It’s confronting viewing. Staring straight down the camera, four women share horrific details of being raped.
“One man held me down, while another touched me,” one woman says.
“I didn’t know what I had done wrong,” says another. “After, I felt like I was nothing.”
Holding back tears, the rape survivors reveal how they were made pregnant, used, treated like “an object”, and made to feel worthless.
But then, a confronting twist.One woman holds up a picture of a cow while saying “because I am you, only different”.
What? They’re comparing rape victims to animals?
This is animal rights group PETA’s (People for the Ethical Treatment of Animals) new video campaign, and that’s exactly what they’re doing.
“Every year billions of animals are born into the meat, egg and dairy industries. Almost all of them are a result of forced artificial insemination. Almost all of them are a result of rape,” the ad reads.
The comparison has outraged survivors of sexual abuse as well as advocates groups, who believe the “appalling” comparison is demeaning to rape victims.
Rape and Domestic Violence Services Australia executive Karen Willis told news.com.au the campaign was “unconscionable”.
“Using sexual assault to promote any other issue is highly inappropriate and anyone who is watching that who has experience of sexual assault will be incredibly distressed by those images,” she said.
“I don’t have a problem with reducing the pain and fear of animals that are used in the production of food, I’m certainly on board with that, but using a highly emotive, triggering, violent concepts of sexual assault to promote animal rights, I think, is just unconscionable.”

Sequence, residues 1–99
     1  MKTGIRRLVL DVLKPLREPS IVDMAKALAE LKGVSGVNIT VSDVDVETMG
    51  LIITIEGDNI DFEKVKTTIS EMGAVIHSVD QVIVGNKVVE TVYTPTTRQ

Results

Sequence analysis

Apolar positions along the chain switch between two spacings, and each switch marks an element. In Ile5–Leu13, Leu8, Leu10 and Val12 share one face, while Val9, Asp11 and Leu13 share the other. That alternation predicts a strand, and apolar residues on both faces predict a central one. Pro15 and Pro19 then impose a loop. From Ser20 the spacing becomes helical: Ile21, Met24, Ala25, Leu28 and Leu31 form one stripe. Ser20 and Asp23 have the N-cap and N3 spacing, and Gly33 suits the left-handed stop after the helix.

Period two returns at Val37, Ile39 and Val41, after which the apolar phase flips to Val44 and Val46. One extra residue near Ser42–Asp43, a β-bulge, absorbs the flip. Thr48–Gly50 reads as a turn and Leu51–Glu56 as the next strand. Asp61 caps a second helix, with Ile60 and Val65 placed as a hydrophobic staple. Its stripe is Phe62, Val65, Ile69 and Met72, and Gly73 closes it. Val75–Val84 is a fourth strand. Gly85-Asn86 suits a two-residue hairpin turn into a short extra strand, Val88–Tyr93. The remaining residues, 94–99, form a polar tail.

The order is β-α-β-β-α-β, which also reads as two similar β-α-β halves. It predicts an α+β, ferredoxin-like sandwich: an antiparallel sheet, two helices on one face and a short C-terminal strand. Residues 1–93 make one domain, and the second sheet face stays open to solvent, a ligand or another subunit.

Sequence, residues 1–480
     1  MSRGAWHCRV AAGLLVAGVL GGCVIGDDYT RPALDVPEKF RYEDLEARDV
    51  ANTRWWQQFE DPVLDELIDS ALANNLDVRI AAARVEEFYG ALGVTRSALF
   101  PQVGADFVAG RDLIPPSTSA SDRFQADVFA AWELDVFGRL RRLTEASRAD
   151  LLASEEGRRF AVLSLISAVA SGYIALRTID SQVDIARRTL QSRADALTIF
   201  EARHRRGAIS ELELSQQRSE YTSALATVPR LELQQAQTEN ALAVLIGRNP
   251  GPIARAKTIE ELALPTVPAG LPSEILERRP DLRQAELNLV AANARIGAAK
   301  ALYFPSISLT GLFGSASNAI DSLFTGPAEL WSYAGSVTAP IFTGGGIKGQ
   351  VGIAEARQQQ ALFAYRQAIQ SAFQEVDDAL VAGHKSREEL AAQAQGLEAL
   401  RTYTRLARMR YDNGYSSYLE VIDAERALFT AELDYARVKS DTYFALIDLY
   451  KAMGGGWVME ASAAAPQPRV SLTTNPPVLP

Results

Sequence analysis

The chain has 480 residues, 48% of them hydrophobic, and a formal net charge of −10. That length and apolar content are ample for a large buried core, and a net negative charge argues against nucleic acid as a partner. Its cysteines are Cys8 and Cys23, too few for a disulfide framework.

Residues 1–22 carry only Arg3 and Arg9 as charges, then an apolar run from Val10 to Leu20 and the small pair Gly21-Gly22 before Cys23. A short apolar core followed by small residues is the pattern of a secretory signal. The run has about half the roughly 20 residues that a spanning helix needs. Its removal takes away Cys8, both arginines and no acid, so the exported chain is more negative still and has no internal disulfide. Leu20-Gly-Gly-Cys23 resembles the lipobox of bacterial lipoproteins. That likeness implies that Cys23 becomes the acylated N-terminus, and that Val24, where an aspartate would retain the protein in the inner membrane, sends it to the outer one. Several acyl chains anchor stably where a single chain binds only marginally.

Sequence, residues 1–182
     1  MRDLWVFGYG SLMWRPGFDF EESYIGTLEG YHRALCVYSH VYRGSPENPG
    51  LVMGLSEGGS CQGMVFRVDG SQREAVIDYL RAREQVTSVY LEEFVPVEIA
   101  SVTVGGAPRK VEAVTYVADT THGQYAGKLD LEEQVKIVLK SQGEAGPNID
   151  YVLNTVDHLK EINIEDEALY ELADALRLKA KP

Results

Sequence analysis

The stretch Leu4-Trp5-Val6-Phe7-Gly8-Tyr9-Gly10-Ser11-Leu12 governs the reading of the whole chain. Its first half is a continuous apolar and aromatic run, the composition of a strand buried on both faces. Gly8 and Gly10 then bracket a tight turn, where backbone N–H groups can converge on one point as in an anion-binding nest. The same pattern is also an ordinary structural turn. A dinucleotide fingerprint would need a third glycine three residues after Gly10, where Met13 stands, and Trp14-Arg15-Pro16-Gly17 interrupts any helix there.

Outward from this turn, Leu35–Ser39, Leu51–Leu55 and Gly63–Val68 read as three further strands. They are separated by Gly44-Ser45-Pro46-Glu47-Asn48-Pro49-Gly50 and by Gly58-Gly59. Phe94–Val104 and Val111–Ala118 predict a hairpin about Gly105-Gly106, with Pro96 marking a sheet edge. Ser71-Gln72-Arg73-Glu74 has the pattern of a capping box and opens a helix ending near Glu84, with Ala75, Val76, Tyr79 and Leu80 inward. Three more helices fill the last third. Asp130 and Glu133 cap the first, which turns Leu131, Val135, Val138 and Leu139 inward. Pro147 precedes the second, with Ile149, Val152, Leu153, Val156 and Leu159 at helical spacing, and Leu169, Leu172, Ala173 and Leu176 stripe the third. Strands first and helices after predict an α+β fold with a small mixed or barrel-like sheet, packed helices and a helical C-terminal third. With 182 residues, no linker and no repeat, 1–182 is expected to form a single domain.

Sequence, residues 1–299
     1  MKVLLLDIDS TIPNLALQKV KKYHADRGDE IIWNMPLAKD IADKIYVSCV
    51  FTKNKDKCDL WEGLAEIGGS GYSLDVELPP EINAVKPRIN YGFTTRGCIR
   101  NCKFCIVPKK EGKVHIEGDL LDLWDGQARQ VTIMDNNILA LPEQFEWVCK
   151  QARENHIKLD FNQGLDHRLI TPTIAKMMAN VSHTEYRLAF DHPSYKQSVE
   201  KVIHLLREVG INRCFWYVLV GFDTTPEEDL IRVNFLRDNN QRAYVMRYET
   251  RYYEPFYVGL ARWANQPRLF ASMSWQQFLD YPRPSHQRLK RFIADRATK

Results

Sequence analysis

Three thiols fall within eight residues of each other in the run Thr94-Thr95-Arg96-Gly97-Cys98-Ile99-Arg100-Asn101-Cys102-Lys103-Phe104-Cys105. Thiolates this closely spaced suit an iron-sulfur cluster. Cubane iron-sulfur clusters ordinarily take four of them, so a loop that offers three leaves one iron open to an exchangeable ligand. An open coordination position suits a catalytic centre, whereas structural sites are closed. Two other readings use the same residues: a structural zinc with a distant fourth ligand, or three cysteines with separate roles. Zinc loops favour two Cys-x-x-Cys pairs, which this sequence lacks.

Ms Willis said that the same tactic had been employed by animal rights groups in the past, but it was “a very long bow” to draw between the two issues.
“When we oppose animal cruelty there is a certain concept in it that ties in with humanity and respect, but we know that violence against women comes from gender inequity, whereas treatment of animals is about seeing those animals as something involved in production for food. It’s very different,” she said.
But the controversial group has hit back at criticism the attention-grabbing clip has attracted.Its Twitter feed, where the video was first released on Wednesday, has become a stream of defensive strikes, hitting back at people and organizations defended by the message.
“Sexual abuse is a serious issue. Acknowledging it for animals doesn’t take away from humans,” the group told one user.
“Exploiting female bodies is not OK no matter the species,” they said to another. “Purchasing meat is paying somebody else to rape and kill animals.”
The aim of the campaign is to promote veganism.
In a statement sent to news.com.au, PETA president Ingrid Newkirk defended the campaign, saying “we are talking about rape”.
“We believe that everyone should see the reality of dairy, meat, and turkey production and then, unless they’re ethically blind, they will be appalled.”
Ms Newkirk’s statement went on to denounce people who sympathise with rape victims, but don’t acknowledge the vulnerability of animals, as hypocrites.
“Every decent person abhors and denounces sexual abuse of women, but we cannot blithely accept the sexual abuse of other females who happen not to be human, but have the same vulnerability to pain.
“We can’t fill our mouth full of steak, bacon, or turkey knowing that mother cows are routinely sexually abused and that their calves — their beloved offspring — are taken from them shortly after birth.”
The disruptive activist group has form in using shock tactics and offensive ads to gain exposure, and in comparing animals’ experiences to those of women. Earlier this year the group was forced to defend its president Ingrid Newkirk’s comment comparing women’s rights to those of chickens.
“Discrimination is discrimination, and it’s wrong, whether you’re a woman or a chicken,” Ms Newkirk tweeted during the United Nations State of Women conference.
The group has also consistently copped flack for objectifying women in its advertising.